[important]Mitt Romney and why we need to call racism what it is[/important]
“We are part of an Anglo-Saxon heritage, and he feels that the special relationship is special,” the adviser said of Mr. Romney, adding: “The White House didn’t fully appreciate the shared history we have.”
Perhaps we can’t say it enough. I personally have made light of it, uncomfortable , sardonically swiping at the candidate and foot soldiers, noting ironically how this all boils down to resentment that there’s an African-American in the White House.
But again, when thoughtless (yet tactical) racial animus comments like these are made in the presidential campaign, do we not call it what it is? To say ‘Anglo-Saxon heritage’ in this context is being esoterically cute and patently racist. It is. Don’t sugar coat it. Don’t couch it in false equivalencies. The language is racist. Coded to signal to me, American of African descent, that the identity of the Republican candidate for President is more vital than the actual policies and competency in governance for the nation.
Perhaps here for posterity’s sake, I’ll point to Nobel Laureate Toni Morrison’s definition of race talk from her 1993 Time Magazine article ‘On The Backs of Blacks’, just so we’re all clear about what race talk is:
‘the explicit insertion into everyday life of racial signs and symbols that have no meaning other than pressing African-Americans to the lowest level of the racial hierarchy.’
To say Anglo Saxon is to say white and implicate the privilege and power that had been the norm in American life and history for nearly two centuries. And it’s a brilliant strategy. An anonymous off the record comment from a campaign source. The campaign doesn’t respond to the Telegraph’s inquiries if they wish to recant the story (they don’t). The language is nebulous, conditional, unaccountable – so wonderfully part of the language of corporate culture - ‘if’, ’anyone‘, ‘weren’t reflecting the views‘. If the candidate and leadership in the Romney camp thought this language shameful and damaging to Romney, the language of rebuke would take a clearer line, with usage of a definitive pronoun like ‘we‘ in lieu of ‘anyone‘. The spin doctors were at peak work last week, taking aim at Biden, for quoting a source they never corrected.
*sigh* We’re not clueless.
It seems the Republican Party and its cohorts have been struggling for the past four years to find unique ways to draw lines between black and white, American and American, birth certificates and religious beliefs. We get it. There’s a black man in the White House. Yet there wasn’t a rip in the space time continuum. The Obama administration actually did some stuff (Affordable Health Care Act, Economic Recovery Act, killed Bin Laden, just to name a few).
In the context and climate of the wave of voter suppression through voter ID laws in Wisconsin and Pennsylvania, I’d caution the Republican (growingly obsolete) party to tread carefully in their continued strategy to inflame the heart of their base through racial animus. The language smells of fear that a Republican can’t fight the contest for the highest office in the land without ridiculous amounts of cash against a high voter turnout from folks vulnerable to voter ID laws.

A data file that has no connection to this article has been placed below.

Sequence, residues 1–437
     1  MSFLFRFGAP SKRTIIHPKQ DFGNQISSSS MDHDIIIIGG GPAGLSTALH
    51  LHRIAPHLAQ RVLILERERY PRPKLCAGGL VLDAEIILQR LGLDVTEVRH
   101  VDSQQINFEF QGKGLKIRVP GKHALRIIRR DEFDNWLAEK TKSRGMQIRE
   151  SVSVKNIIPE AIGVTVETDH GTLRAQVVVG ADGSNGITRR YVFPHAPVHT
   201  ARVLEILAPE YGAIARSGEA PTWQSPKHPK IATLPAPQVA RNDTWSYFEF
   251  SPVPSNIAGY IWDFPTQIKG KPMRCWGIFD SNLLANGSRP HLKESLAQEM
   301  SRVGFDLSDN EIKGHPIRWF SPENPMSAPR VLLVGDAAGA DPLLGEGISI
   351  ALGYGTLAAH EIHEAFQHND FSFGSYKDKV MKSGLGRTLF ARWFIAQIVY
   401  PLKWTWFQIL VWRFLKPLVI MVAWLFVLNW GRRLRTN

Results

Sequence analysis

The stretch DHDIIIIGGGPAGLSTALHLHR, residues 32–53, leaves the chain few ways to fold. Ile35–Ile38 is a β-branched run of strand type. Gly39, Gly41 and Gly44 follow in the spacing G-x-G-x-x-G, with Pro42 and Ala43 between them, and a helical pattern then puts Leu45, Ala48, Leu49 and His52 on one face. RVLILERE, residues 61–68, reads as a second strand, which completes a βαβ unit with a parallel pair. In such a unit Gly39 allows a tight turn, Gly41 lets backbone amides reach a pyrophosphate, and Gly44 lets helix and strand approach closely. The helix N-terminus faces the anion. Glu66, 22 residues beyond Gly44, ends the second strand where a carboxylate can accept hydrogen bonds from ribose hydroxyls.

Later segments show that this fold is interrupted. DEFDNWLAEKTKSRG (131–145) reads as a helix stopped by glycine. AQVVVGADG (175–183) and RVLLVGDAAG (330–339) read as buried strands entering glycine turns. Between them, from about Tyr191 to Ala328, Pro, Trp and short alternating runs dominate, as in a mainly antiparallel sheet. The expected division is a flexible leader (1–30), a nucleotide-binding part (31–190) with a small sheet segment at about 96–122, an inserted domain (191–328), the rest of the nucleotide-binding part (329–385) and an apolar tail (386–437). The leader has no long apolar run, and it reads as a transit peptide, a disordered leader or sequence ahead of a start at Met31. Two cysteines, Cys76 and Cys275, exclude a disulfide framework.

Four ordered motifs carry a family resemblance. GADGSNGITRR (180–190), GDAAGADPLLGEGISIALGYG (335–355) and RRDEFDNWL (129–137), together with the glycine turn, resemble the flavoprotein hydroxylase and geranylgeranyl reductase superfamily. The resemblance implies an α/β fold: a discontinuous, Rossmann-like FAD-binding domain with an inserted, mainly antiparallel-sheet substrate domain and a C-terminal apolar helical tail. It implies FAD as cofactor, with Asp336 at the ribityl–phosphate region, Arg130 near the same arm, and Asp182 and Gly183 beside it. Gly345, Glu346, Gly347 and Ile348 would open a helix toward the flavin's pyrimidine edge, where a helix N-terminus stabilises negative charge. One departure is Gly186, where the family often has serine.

The ‘othering’ of Obama (and me, my friends, many of mixed ancestry) is an old and weak argument, in the face of growing questions of Romney’s tenure at Bain Capital, missing records of wealth, waffling of positions in health care reform…. Most of us know this, perhaps I’m preaching to the choir. But here’s the thing: call them on their bullshit. Yes, “racist” and “racism” are loaded, emotional, dirty, angry words. But the word doesn’t negate the fact that it exists in our language and sadly, informs some action. To call the campaign on it, anonymous source or not, is something we must do. We must be vigilant in responding.
An aside: Rachel Swarns’ book, American Tapestry, released earlier this summer recounts first lady Michelle Obama’s ancestry. It’s a riveting read following post civil war Americans, emancipated slaves, northern migration, hard working Americans by circumstance and history leading us to the first African American woman as first lady. One of her ancestors is white, and linking to that fact bears a responsibility and confrontation with the mixed ancestry of many Americans. Some of our forebearers were slaves. Some of our forebearers owned slaves. Some of our forebearers mixed. If your family has lived in this country for more than 3 or 4 generations, this is probably true. Do us all a favor and own that fact of your heritage. It’s 2012. I do. My family has been here for 200 years. A branch of it is Anglo Saxon. The stakes are too high not to.